UNHCR Urges Countries to Guarantee Education for Refugee Children

BRIDGETOWN, Barbados – The UN Refugee Agency, UNHCR, has called for an international effort to guarantee secondary education for refugee children and youth, as levels of school and university enrolment remain critically low.

KEDUkidChildren living at the Pyli Reception and Identification Centre learn Greek at the KEDU non-formal education center on the island of Kos, Greece. © UNHCR/Socrates BaltagiannisThe call coincides with the launch of the UNHCR’s 2021 education report titled “Staying The Course:  The Challenges Facing Refugee Education,” that highlights the stories of young refugees around the world as they try to keep learning in an era of unprecedented disruption caused by the coronavirus (COVID-19) pandemic.

It noted that secondary school should be a time of growth, development and opportunity. It increases the job prospects, health, independence and leadership of vulnerable young people, and they are less likely to be pressured into child labor.

Yet according to data gathered by UNHCR in 40 countries, the gross enrolment rate for refugees at secondary level in 2019-2020 stood at only 34 per cent. In almost every country, the rate trails that of host community children.

The UNHCR said that the pandemic is likely to have undermined refugees’ chances yet further, noting that COVID-19 has been disruptive for all children, but for young refugees – already facing significant obstacles to getting into school – it could dash all hopes of getting the education they need.

“Recent progress made in school enrolment of refugee children and youth is now under threat,” said UNHCR chief Filippo Grandi, adding “confronting this challenge requires a massive, coordinated effort, and it is a task we cannot afford to shirk”.

In the report, the UNHCR said for example, refugee and migrant children face challenges to access education in Trinidad and Tobago.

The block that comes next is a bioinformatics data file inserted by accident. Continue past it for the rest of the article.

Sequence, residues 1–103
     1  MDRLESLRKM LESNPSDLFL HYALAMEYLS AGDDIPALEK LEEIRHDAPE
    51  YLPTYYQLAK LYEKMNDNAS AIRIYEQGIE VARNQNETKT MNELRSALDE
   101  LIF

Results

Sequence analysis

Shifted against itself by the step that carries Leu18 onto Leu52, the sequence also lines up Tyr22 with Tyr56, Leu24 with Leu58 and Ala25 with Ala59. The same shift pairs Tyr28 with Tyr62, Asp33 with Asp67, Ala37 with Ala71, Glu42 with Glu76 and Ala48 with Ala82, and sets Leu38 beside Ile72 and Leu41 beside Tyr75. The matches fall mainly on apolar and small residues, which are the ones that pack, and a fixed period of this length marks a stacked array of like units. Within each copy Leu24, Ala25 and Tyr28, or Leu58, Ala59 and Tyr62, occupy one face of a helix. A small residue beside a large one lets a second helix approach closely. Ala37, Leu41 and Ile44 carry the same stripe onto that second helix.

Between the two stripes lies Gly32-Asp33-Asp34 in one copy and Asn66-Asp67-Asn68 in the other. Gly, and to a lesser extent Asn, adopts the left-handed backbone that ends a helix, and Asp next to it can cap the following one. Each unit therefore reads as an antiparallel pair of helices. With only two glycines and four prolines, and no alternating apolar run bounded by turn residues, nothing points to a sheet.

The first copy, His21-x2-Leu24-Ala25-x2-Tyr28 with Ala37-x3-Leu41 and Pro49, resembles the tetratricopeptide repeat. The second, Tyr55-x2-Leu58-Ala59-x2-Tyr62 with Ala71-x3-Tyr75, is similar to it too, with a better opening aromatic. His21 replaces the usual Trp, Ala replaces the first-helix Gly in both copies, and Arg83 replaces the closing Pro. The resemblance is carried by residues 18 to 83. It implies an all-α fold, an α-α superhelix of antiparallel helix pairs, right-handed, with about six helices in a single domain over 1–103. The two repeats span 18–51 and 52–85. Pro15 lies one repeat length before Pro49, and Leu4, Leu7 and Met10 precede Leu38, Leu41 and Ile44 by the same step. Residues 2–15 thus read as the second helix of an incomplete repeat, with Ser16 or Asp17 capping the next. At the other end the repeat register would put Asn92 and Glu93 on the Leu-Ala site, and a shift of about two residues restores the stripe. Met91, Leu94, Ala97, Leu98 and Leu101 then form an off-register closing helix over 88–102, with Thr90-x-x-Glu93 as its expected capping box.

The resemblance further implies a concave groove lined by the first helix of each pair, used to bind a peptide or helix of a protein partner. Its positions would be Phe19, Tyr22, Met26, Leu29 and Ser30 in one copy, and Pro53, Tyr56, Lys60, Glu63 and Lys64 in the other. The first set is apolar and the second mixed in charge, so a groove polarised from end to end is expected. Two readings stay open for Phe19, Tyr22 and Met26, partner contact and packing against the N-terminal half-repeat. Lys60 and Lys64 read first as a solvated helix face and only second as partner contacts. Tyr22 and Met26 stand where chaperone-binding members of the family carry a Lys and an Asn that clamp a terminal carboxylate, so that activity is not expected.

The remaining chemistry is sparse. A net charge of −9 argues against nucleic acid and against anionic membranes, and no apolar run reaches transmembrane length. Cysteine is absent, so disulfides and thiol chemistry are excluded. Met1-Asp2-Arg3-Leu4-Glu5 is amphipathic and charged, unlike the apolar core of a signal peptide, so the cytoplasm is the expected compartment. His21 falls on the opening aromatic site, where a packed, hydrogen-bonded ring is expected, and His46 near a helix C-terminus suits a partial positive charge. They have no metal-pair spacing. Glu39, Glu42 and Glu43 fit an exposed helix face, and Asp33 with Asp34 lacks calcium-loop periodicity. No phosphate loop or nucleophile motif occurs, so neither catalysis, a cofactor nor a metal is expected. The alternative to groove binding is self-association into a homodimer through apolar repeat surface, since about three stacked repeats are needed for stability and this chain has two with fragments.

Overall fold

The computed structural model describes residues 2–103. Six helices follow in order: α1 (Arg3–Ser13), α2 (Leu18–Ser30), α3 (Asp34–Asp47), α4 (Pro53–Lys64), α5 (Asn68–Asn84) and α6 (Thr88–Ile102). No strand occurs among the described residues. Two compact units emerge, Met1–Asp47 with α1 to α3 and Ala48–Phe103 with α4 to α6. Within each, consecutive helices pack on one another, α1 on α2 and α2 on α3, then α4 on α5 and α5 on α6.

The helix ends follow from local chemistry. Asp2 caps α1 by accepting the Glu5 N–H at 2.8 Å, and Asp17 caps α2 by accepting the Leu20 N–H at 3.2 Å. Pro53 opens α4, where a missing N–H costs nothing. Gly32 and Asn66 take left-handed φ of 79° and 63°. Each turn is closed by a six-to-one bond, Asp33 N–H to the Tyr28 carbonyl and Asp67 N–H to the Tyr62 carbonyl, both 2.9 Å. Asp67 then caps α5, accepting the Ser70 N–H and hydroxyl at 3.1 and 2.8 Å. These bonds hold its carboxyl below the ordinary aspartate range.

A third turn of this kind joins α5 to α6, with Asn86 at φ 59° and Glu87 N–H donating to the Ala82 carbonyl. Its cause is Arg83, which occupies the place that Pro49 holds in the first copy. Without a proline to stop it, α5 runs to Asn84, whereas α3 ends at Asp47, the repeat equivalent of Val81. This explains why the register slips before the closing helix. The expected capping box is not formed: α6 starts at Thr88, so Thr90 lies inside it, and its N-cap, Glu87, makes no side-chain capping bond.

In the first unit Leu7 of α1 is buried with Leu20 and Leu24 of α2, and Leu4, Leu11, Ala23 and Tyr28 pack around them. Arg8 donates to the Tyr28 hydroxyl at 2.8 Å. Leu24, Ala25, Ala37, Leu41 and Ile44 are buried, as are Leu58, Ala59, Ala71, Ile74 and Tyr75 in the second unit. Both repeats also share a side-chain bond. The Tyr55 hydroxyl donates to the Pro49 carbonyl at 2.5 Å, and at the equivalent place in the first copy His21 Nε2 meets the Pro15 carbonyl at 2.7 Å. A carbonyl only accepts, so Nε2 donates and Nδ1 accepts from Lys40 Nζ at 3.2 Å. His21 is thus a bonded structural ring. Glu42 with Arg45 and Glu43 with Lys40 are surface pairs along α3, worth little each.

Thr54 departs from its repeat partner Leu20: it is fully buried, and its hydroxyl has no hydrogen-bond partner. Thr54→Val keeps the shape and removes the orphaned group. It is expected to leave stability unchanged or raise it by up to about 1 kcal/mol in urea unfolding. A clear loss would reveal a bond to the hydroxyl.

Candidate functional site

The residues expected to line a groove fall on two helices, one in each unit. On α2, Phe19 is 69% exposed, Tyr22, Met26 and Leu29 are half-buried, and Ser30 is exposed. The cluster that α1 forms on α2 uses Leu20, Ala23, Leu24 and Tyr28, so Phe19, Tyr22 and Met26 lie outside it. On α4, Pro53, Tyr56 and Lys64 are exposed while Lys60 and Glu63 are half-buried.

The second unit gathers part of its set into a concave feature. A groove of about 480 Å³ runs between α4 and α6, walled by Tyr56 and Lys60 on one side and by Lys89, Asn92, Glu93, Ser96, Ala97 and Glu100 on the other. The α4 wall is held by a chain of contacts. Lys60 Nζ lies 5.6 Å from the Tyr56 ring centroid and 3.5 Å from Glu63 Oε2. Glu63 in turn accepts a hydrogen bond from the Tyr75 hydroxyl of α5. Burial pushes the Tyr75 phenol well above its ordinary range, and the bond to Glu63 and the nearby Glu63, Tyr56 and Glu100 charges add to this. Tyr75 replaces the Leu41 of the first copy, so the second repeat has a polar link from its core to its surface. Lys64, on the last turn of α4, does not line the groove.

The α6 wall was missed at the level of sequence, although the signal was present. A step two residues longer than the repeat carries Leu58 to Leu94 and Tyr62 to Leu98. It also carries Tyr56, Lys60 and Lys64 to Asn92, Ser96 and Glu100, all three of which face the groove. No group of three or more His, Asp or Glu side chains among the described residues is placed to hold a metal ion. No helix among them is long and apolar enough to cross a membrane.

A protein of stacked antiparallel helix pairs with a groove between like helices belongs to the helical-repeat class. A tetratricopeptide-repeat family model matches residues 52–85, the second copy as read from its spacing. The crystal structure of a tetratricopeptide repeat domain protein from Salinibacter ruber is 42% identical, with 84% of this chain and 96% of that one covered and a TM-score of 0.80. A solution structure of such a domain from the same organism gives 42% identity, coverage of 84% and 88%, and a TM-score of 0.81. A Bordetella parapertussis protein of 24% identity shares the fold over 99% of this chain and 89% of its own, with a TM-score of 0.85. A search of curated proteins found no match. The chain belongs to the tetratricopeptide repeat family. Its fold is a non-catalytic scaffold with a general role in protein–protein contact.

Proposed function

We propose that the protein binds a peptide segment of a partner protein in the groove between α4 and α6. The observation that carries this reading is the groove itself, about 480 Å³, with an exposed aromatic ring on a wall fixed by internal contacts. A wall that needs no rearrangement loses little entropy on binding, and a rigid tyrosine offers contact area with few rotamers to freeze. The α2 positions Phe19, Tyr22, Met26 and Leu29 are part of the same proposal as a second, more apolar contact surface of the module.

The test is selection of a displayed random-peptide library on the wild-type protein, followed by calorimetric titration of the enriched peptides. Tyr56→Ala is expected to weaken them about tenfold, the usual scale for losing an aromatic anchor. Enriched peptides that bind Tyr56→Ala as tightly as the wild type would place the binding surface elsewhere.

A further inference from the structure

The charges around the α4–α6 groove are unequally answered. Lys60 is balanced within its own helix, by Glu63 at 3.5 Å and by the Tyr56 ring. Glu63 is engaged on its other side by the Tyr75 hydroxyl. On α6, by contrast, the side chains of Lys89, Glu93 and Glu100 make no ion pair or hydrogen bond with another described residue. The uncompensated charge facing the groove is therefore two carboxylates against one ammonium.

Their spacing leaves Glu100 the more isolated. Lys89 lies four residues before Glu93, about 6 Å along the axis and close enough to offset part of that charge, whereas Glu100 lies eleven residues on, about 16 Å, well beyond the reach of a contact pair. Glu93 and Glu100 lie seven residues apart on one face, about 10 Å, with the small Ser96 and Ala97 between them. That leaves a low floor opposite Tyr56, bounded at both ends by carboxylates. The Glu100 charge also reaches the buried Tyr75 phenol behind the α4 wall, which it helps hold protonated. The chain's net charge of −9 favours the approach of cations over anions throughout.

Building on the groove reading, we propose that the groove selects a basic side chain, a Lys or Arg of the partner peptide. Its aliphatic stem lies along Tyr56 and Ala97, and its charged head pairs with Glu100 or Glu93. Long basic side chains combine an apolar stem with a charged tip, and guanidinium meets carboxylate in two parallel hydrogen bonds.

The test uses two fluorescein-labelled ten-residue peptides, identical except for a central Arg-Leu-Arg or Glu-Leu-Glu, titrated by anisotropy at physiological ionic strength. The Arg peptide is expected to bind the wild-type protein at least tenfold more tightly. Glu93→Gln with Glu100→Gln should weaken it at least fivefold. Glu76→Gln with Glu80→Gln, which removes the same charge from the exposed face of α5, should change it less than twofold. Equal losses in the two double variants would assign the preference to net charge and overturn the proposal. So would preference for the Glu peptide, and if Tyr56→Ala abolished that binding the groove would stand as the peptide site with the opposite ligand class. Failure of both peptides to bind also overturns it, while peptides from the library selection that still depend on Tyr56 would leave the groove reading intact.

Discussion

It said in the case of a Venezuelan girl, named Maria, who is an asylum-seeker in Trinidad and Tobago, non-nationals are not allowed to enroll in the public school system unless they are given permission from the relevant authorities.

“Refugee and migrant children are therefore often excluded from accessing education unless they can afford private school.”

In 2019, recognizing this critical gap, UNHCR and UNICEF, along with other local NGOs, including UNHCR partner The Living Water Community, developed Equal Place. Meant to be a temporary solution, Equal Place offers refugee and migrant children the opportunity to continue their schooling via two online platforms: NotesMaster in English and Daware in Spanish.

As of July 2021, there are about 1,400 students enrolled in the program or 32 per cent of the estimated 4,400 school-aged refugee and migrant children in Trinidad and Tobago.

“Education is a powerful tool for inclusion and integration of refugees and migrants in a new community. In particular, it provides the stability children need after the uncertainty of displacement,” said Miriam Aertker, UNHCR’s Head of National Office in Trinidad and Tobago.

“The more refugees, migrants and host communities get know each other, especially children and youth when learning, playing together and becoming friends, the more they will overcome biases, fears and misunderstandings.”

Together with its partners, UNHCR continues to advocate for universal access to education as a human right in Trinidad and Tobago, and globally.

UNHCR said it is calling on states to guarantee the right of all children, including refugees, to access primary and secondary education, and to ensure they are part of national educational systems and planning.

In addition, states hosting large numbers of displaced people need assistance in building capacity: more schools, appropriate learning materials, teacher training for specialized subjects, support and facilities for teenage girls, and investment in technology and connectivity to close the digital divide.

UNHCR said the data also shows that from March 2019 to March 2020, gross enrolment rates for refugees at primary level stood at 68 per cent.

“Enrolment in higher education was at 5 per cent, a 2-point rise year-on-year and a gain that represents transformational change for thousands of refugees and their communities. It’s an increase that also offers hope and encouragement to younger refugees facing daunting challenges to accessing an education.

“Yet this level remains low when compared to global figures, and without a major increase in access at secondary level, the 15by30 target set by UNHCR and partners – 15 per cent of refugees enrolled in higher education by 2030 – will remain out of reach. “